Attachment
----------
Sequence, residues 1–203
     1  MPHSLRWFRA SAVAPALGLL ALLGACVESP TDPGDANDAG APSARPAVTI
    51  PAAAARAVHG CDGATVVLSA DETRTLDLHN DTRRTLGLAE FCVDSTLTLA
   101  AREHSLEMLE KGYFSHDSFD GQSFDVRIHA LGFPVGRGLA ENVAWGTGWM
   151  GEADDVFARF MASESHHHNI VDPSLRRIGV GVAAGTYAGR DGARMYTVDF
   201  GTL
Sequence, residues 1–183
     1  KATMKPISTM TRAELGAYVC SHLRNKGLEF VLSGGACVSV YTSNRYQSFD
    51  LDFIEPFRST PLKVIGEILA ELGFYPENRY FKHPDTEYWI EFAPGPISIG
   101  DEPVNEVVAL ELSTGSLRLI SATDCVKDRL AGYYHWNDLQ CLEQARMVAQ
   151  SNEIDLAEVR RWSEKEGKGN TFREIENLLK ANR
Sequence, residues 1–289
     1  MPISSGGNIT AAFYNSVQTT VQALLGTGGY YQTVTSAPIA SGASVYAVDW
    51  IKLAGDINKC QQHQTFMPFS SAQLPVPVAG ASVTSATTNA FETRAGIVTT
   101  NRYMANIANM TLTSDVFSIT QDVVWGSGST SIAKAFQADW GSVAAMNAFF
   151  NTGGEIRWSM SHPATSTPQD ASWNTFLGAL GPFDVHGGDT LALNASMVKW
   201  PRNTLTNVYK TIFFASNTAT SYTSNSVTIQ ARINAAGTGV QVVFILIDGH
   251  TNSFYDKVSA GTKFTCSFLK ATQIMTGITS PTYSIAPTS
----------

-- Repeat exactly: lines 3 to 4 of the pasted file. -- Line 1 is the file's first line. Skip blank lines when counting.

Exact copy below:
    51  PAAAARAVHG CDGATVVLSA DETRTLDLHN DTRRTLGLAE FCVDSTLTLA
   101  AREHSLEMLE KGYFSHDSFD GQSFDVRIHA LGFPVGRGLA ENVAWGTGWM